10.05 am to 10.45 am – Introduction to Modern Biology Talk by Prof. Swati Patankar

10.45 am to 11.00 am – Tea/Coffee Break (BSBE building)

11.00 am to 11.15 am – Introduction to theme lab session (Pathology Lab) by Ms. Aishwarya Narayan

11.15 am to 12.30 pm – Theme Lab Session (Plasmid DNA isolation)

12.30 pm to 01:00 pm – Demonstration of ToucHb developed by Prof. Rohit Srivastava Lab

01.00 pm to 02:00 pm – Lunch Break (Venue-Van Vihar Guest House)

02.00 pm to 04.00 pm – Theme Lab session (Gram staining and Blood staining)

04.00 pm to 04.15 pm – Discussion on theme lab results by Ms. Aishwarya Narayan and Prof. Swati Patankar

04.15 pm to 04.30 pm – Tea/Coffee Break

04.30 pm to 04.45 pm – “Why Engineers should learn Biology” by Prof. Ambarish Kunwar

04.45 pm to 05.00 pm – “I am curious to know!” session

05.00 pm to 05.30 pm – Feedback session and Vote of Thanks


Please click on individual links given below to see more photographs

Photo Gallery: Registration and Introduction to ASCB and ASCB COMPASS grant

Photo Gallery: Introduction to Modern Biology, Tea/Coffee Break and Introduction to theme lab session

Photo Gallery: Theme Lab Session (Plasmid DNA isolation)

Photo Gallery: Demonstration of ToucHb

Photo Gallery: Lunch Break

Photo Gallery: Theme Lab Session (Gram staining and Blood staining)

Photo Gallery: Discussion on Theme Lab Results and Tea Break

Photo Gallery: “Why Engineers should learn Biology”, “I am curious to know!” and Feedback Session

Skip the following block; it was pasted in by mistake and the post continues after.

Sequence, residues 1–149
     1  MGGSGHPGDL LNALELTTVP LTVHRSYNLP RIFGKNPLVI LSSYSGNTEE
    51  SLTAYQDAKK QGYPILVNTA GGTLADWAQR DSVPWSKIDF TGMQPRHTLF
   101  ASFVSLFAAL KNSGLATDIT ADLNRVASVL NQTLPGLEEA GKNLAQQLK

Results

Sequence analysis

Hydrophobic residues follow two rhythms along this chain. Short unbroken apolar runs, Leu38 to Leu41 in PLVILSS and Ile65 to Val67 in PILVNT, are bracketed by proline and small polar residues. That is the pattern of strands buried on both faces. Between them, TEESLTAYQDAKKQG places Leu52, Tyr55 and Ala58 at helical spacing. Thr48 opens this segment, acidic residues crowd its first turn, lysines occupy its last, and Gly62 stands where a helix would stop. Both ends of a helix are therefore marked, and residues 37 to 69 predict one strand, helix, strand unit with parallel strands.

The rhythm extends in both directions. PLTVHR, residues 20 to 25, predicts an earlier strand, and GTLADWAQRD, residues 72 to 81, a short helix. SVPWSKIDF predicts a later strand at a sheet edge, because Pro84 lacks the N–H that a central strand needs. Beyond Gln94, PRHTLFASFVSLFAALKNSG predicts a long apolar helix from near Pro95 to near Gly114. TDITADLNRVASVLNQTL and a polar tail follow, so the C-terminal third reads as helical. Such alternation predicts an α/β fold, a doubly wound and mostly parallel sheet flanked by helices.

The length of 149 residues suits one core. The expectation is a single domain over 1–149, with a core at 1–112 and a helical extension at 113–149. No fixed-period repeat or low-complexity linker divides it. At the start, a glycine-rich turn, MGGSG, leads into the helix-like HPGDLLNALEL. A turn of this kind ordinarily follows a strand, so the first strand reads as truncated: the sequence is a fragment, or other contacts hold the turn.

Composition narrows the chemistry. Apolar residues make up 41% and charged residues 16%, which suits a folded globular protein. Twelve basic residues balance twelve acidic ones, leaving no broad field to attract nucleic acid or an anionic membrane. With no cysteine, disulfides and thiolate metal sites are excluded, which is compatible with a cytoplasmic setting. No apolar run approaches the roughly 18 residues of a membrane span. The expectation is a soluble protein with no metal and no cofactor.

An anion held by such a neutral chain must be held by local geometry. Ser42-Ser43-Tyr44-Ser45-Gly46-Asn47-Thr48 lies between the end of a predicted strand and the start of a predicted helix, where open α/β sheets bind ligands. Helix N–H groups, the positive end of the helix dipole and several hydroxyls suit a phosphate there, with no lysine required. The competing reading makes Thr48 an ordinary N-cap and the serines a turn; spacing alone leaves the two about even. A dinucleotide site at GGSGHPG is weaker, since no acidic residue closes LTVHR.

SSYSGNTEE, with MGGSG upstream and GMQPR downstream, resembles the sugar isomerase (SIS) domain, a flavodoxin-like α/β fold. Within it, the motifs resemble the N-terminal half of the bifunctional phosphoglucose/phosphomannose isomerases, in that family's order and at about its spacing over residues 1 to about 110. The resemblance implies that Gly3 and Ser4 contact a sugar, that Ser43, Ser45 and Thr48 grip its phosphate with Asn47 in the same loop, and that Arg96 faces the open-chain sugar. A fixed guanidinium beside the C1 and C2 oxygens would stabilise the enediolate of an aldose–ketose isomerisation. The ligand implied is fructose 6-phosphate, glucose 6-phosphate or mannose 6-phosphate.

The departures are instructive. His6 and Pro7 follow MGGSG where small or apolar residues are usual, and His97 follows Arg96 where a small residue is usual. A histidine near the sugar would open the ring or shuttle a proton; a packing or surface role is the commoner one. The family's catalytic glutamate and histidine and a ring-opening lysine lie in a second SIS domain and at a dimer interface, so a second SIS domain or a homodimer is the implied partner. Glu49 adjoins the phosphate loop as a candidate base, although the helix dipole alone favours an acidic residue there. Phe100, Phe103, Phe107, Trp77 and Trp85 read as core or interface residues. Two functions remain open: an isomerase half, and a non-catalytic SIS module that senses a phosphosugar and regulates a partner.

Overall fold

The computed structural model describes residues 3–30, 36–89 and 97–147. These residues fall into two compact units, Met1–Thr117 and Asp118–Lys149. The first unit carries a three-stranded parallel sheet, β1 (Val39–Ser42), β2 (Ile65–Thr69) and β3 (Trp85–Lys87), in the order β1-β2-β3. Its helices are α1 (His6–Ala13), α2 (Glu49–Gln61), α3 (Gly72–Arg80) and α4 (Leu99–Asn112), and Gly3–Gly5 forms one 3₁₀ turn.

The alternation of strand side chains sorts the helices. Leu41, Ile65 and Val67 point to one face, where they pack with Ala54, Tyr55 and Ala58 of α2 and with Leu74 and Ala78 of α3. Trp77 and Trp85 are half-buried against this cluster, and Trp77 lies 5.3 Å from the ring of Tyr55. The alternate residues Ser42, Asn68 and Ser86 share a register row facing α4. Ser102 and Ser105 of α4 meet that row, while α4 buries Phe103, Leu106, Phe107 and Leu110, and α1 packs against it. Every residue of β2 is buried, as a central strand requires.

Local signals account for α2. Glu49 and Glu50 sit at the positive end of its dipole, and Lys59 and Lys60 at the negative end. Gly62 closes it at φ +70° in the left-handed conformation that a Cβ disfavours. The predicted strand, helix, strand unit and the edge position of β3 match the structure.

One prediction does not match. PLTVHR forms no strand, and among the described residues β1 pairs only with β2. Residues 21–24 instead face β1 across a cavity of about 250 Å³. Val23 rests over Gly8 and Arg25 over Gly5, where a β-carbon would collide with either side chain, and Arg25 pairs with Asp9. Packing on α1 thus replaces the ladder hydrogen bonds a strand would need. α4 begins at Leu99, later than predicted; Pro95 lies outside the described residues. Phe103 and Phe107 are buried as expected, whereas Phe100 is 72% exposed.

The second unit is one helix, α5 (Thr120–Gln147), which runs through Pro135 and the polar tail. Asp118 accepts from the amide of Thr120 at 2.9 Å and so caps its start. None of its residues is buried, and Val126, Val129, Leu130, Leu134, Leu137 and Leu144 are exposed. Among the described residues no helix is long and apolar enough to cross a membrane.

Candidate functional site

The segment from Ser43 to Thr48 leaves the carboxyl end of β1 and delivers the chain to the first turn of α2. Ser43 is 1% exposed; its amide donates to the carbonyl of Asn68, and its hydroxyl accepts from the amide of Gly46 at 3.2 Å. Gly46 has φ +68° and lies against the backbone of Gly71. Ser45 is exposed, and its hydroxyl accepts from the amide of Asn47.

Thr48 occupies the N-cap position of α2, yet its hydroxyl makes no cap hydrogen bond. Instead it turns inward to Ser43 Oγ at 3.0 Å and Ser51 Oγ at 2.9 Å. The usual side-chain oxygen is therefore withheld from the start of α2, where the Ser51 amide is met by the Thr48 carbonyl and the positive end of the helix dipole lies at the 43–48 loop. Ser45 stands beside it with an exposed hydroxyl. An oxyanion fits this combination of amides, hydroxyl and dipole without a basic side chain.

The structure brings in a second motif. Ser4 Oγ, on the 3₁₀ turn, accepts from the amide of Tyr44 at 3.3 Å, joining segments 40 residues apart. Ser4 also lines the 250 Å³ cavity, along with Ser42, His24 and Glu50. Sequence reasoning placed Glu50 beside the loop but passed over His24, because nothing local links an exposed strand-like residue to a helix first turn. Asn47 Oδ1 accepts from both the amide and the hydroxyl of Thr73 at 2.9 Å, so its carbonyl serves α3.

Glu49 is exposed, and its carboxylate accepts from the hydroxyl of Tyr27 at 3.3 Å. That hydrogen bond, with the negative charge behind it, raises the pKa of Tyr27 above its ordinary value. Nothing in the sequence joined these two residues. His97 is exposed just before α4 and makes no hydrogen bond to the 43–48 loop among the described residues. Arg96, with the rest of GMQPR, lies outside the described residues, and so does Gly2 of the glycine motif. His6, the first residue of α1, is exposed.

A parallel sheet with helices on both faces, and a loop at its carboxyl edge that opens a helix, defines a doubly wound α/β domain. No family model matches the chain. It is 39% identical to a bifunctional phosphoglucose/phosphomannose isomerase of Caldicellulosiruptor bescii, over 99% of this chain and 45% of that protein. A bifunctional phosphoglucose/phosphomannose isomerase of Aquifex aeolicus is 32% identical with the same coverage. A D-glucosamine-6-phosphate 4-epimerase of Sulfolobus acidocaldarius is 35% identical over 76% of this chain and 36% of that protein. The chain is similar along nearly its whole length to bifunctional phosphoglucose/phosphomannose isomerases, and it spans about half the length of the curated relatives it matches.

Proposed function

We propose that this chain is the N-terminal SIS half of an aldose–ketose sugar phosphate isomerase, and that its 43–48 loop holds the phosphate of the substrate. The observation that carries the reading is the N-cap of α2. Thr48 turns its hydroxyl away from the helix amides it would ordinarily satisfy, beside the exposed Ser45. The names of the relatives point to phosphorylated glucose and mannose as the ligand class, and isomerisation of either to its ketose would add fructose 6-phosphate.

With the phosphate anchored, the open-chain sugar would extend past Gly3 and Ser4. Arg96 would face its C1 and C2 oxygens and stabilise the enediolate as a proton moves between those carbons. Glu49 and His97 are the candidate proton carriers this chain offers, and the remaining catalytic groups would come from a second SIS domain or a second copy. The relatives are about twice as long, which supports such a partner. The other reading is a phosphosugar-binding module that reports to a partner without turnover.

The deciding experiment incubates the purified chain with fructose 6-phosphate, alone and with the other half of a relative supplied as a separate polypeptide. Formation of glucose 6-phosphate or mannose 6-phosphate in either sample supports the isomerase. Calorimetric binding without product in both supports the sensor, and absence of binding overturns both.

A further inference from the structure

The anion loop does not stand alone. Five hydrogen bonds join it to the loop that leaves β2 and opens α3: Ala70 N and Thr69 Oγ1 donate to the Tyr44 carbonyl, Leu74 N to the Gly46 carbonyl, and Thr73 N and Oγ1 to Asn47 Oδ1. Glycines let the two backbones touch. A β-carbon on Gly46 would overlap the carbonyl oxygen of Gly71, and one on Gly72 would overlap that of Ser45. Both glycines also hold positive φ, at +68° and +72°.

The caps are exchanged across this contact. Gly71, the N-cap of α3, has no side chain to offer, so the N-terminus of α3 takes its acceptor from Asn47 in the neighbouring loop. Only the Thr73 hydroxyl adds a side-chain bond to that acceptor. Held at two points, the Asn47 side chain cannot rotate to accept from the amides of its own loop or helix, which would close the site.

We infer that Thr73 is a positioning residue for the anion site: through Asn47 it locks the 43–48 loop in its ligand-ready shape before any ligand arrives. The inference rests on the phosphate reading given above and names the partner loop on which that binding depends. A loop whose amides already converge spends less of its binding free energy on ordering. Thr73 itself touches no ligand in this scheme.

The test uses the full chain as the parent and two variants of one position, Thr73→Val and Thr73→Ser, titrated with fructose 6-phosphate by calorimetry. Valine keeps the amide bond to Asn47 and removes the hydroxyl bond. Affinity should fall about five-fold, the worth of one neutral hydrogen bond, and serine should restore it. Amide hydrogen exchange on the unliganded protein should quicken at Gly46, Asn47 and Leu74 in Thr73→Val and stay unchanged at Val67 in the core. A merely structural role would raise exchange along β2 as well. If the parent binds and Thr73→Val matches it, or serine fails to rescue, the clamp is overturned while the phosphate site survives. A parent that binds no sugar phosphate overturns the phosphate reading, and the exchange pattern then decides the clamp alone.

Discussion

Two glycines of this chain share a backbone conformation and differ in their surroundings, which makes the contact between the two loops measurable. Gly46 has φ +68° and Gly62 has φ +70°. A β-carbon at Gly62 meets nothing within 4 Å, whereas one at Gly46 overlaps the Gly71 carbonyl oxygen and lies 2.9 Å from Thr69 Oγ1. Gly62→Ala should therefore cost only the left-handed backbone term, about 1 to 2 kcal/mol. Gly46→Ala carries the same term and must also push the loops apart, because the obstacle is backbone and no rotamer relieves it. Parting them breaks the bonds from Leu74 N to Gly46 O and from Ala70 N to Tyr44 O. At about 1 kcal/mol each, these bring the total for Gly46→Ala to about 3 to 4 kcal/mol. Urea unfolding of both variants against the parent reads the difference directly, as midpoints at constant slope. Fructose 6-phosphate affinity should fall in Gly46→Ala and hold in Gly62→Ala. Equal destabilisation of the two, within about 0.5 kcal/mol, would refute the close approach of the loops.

Organizing Team:

Faculty Members: Prof. Ambarish Kunwar, Prof. Swati Patankar, Prof. Kiran Kondabagil, Prof. Anirban Banerjee, Prof. Rohit Srivastava, Prof. Rahul Purwar and Prof. Dulal Panda

Postdocs: Dr. Jaya Lakkakula and Dr. Bajarang V. Kumbhar

Graduate Students: Aishwarya Narayan, Amrutraj Zade, Rajneesh Yadav, Vishakha Dey, Pragati Mastud, Supriya Patil, Khushnandan Rai, Arijit Bhaumik

Undergraduate Students/Internship Students: Aparna Prasad, Varshitha S. and Sashi Kiran Mahapatra

Staff: Hrushikesh Nagwekar, Yogesh Sarkate, Syeda Aliya Sana


Event Blog

Dec 17, 2016, IIT Bombay: A steady stream of schoolchildren shuffled towards the registration desk in the department of Biosciences and Bioengineering shortly past 9.30 am that sunny Saturday morning. ‘Introduction to Modern Biology’, an outreach event for school students supported by the ASCB COMPASS Outreach Grant, was to begin in under half an hour. As they trickled into the classroom, students from different schools huddled around their teachers and settled into their seats. We smiled encouragingly to put them at ease, and a lucky few were able to elicit some shy smiles in return! At 10 am by the clock, Prof. Ambarish Kunwar, the chief organizer of the event, walked briskly into the room with an air of purpose. This was going to be a good day.